As social media editor for Escape into Life, I’m celebrating an entire month of May flowers on EIL’s Twitter feed. Today, after reading and sharing poetry editor Kathleen Kirk’s spellbinding second installment of a multi-part essay she is writing as she listens to Lincoln in the Bardo on CD (yes, another book now on my must-read list—definitely not what I needed), I was reminded of the lilacs in her first installment – both in her own poem and her link to Walt Whitman’s “When Lilacs Last in the Dooryard Bloom’d.”
May is Mental Health Month and a good time to look for new ways to revitalize ourselves. Or just be mindful to make use of the old ways. As good a time as any, is what I really mean; this shouldn’t be a once-a-year special occasion.
Still, we all get caught up in the day-to-day and forget sometimes (many times) to nurture our souls. Continue reading
"April is the cruellest month, ..."
Nearly every year on April 1, I re-read T.S. Eliot’s “The Waste Land.” It’s one of my favorite poems, and while I pay homage to it by quoting and requoting lines from it in conversation year-round, I also like to sit down and read it through periodically. The opening line, quoted above, is of course why I choose April 1 for this pleasure. (Also, April is National Poetry Month, so there’s another reason, though not the one that drives me.)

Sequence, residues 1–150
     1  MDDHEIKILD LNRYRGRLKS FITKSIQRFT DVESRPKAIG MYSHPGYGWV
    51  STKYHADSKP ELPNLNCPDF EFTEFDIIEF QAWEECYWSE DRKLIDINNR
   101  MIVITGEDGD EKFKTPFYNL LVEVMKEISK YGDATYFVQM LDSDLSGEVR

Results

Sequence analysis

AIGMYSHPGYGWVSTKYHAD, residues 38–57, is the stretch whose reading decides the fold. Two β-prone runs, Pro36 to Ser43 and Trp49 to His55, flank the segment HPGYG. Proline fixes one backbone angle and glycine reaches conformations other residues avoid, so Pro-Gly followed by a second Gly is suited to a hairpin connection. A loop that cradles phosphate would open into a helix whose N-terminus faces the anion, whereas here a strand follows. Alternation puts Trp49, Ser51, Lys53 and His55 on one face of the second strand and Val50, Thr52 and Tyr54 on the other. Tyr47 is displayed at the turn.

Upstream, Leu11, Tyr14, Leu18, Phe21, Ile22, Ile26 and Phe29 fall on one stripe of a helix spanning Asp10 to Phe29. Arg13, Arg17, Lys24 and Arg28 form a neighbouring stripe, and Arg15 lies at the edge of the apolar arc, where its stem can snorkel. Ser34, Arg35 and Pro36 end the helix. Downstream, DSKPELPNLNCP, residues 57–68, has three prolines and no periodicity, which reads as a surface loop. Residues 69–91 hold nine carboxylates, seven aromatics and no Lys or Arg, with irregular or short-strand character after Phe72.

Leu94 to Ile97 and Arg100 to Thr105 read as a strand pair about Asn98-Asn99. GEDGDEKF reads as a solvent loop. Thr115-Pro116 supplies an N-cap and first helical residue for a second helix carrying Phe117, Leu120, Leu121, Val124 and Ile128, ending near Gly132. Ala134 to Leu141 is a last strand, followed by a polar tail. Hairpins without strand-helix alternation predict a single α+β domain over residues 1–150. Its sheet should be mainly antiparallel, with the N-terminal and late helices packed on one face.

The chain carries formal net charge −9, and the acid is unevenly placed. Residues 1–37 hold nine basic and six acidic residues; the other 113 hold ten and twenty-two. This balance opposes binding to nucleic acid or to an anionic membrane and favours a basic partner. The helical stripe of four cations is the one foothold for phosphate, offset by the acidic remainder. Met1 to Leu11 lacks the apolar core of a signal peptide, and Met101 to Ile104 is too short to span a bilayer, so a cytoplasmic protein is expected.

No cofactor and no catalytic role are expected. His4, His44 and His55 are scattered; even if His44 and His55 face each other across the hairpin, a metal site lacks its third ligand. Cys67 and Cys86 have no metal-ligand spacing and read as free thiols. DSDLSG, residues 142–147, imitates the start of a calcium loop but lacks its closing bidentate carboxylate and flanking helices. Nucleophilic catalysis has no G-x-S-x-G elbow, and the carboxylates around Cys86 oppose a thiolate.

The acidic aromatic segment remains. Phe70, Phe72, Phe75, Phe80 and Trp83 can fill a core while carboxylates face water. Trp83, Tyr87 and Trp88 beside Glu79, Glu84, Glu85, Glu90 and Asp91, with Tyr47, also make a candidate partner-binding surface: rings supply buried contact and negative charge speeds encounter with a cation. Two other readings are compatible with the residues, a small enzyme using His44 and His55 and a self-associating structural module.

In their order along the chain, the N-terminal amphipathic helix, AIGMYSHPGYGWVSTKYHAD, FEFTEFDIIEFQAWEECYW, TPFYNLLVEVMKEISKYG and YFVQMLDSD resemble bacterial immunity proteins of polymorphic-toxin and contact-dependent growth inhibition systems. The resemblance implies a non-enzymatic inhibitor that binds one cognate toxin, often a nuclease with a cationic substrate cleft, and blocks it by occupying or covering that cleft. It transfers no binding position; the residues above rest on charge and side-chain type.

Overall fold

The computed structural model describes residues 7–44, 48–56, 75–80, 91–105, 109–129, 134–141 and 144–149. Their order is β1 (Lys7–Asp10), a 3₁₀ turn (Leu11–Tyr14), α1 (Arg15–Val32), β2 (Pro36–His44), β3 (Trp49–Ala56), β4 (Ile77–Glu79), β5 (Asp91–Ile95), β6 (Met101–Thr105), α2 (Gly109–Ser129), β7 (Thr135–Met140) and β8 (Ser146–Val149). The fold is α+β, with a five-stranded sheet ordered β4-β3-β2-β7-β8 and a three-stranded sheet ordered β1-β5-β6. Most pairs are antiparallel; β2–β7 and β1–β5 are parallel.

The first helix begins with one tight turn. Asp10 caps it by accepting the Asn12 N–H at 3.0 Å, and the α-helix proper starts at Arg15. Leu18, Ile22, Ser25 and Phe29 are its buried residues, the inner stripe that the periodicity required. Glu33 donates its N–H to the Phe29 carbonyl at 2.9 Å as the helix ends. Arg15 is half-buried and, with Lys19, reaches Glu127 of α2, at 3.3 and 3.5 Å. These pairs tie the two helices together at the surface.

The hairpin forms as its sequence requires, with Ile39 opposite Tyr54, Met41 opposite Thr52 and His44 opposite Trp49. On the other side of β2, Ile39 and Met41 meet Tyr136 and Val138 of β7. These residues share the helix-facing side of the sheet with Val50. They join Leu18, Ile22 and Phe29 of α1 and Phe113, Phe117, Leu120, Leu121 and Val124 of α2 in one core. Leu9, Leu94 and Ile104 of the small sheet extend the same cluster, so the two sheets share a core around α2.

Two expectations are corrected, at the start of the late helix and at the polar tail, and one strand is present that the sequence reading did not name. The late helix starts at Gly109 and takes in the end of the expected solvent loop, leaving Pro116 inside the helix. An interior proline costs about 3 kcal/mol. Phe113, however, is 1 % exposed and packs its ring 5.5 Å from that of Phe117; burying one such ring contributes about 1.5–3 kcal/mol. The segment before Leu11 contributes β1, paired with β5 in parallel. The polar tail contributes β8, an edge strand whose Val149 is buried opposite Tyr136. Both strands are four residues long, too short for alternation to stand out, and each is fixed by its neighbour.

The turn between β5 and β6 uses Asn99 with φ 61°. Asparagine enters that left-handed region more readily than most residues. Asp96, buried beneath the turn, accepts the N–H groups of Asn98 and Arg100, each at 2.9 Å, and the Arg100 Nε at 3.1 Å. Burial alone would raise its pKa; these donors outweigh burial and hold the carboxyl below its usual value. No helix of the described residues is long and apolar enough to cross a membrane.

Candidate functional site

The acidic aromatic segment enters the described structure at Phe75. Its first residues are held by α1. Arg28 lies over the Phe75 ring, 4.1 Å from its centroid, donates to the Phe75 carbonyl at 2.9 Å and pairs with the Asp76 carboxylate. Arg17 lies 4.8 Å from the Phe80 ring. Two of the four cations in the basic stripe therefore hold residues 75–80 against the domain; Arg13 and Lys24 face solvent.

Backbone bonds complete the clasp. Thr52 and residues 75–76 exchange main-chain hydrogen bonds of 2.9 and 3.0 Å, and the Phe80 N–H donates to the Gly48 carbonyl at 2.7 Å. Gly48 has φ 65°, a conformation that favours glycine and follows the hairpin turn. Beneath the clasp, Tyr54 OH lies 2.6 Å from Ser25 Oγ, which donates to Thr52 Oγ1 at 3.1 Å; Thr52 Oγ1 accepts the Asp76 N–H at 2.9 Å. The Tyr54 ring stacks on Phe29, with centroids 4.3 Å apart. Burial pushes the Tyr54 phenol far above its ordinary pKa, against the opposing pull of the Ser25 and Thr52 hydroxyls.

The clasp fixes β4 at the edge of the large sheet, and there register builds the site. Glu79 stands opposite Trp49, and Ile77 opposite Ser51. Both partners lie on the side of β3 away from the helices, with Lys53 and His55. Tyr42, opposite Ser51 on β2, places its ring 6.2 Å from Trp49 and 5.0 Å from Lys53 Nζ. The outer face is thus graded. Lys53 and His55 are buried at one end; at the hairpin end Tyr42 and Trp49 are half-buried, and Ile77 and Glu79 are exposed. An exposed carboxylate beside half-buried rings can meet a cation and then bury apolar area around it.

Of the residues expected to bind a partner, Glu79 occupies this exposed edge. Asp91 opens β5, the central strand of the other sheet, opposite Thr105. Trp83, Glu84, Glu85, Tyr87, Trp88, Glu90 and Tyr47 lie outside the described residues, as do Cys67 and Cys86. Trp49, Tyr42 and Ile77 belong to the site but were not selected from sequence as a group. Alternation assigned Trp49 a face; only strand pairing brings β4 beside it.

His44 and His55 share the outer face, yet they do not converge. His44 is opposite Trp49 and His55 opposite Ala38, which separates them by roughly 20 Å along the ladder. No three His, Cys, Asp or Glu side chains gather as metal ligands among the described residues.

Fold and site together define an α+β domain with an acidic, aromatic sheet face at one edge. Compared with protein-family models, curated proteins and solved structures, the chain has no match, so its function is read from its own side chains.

Do you have a love-hate relationship with Valentine’s Day? I’ve always been at least a bit conflicted about it. I’m all for love, and showing people that you love them, but celebrating a single day when that’s expected is problematic for me in a couple of ways:
- It leaves too many people feeling left out—and probably many of the people who most need to know they’re cared for.
- What about the other 364 days of the year (365 days in a leap year)?
Rather than celebrate Valentine’s Day, I’d prefer to fill the world with random acts of kindness every day of the year—kindness both toward the people we love and toward total strangers. Here are some ideas: Continue reading
Seth Godin recently wrote of the importance of owning responsibility for your mistakes and sharing credit for successes. He focused on use of the pronouns “I”, “you” and “we,” and when each is most appropriate. Example: Instead of saying “I” when announcing a success, he suggests using “we.” Continue reading
I just finished reading a marvelous book of essays about Chicago and Chicagoans, Neil Steinberg’s You Were Never in Chicago, recommended by a friend. It was educational, engaging, and made me think a lot about what makes Chicago unique and what makes someone a Chicagoan. It also left me further behind in my planned/desired reading than I was when I started it. Continue reading